Abstract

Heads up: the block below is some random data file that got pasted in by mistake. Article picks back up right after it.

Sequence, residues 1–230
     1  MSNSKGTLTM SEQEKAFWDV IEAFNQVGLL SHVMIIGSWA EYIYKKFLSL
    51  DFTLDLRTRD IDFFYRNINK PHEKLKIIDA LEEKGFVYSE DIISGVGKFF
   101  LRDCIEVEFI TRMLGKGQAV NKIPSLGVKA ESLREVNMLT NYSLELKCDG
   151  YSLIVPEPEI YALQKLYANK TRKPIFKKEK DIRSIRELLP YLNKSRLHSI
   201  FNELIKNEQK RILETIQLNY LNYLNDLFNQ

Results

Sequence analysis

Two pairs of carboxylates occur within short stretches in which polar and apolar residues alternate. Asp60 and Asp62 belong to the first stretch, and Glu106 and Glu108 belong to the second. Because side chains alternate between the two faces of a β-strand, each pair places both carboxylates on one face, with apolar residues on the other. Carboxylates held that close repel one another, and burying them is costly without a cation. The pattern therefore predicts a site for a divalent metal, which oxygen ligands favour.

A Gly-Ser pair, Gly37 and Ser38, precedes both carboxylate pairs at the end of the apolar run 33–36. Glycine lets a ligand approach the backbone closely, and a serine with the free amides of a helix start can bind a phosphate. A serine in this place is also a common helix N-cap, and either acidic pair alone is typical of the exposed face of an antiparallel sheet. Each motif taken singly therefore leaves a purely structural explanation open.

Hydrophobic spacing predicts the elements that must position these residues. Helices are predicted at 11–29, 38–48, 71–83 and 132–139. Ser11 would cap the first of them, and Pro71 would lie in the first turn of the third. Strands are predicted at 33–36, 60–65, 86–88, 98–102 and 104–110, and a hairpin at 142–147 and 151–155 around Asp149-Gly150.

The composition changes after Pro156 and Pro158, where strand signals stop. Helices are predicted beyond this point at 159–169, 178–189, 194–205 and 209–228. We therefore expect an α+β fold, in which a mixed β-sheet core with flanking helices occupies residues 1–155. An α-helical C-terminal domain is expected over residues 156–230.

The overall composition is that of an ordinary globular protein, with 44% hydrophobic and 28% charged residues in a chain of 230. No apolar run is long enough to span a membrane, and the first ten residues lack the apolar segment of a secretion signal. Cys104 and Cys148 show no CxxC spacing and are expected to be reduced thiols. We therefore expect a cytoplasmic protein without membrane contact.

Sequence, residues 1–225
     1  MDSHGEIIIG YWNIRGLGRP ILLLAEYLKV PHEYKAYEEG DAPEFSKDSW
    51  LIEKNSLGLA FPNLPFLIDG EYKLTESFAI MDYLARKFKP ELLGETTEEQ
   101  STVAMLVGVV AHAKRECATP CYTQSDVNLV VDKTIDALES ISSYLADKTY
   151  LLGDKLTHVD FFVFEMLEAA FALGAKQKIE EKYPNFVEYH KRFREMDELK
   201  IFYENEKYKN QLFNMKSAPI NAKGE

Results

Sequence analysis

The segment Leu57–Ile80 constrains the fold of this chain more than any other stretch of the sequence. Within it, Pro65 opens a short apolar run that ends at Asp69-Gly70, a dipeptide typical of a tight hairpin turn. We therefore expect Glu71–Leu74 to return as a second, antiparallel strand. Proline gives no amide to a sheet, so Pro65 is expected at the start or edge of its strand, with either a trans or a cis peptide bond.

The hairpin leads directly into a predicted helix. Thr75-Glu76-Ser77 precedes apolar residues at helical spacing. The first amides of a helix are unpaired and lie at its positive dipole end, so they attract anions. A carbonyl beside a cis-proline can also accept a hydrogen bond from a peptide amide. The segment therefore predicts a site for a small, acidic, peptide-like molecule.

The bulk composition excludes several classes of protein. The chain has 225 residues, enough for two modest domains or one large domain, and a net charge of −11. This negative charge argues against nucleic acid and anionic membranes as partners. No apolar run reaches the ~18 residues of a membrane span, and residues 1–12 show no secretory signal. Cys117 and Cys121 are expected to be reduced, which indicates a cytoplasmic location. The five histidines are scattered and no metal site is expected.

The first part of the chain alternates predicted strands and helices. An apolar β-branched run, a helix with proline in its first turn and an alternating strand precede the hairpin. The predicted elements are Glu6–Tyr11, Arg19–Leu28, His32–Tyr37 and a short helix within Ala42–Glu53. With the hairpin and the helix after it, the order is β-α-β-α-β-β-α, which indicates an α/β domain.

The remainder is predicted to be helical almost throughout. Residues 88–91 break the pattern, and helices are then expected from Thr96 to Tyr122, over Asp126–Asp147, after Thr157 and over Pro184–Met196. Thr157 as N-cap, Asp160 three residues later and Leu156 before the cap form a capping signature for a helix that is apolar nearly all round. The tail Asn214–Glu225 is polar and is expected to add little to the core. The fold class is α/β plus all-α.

A quantitative study based on unionoid bivalve presence-absence data, species abundance, shell morphology, and sedimentological data provides a more detailed paleoecological interpretation of the Upper Cretaceous Hell Creek Formation. The Proparreysia and the Pleurobema faunal assemblages can be separated on the basis of taxonomic diversity and species composition. While the first consists of 19 species, including trigonal and elongate shell morphologies, the latter consists of only 3 species characterized by elongate shells. A riverine environment is interpreted for most species from the quantitative analysis of shell morphology. Only one species (cf. Pleiodon sp.) is from a lacustrine habitat. The main river channels of the Hell Creek paleodrainage system are the habitat of bivalves of the Proparreysia assemblage through a combined interpretation of the morphology and diversity data. In contrast, the bivalves of the Pleurobema assemblage are from secondary channels and tributaries of the main river channels. The mode of deposition of the two assemblages is very similar, as they are preserved predominantly in crevasse-splay deposits. The long-term ecosystem stability, high habitat heterogeneity, and a variable degree in floodplain connectivity of the habitats in the midreach of the Hell Creek paleodrainage system resulted in the high taxonomic diversity of the unionoid bivalves and the separation of the unionoid faunal assemblages.

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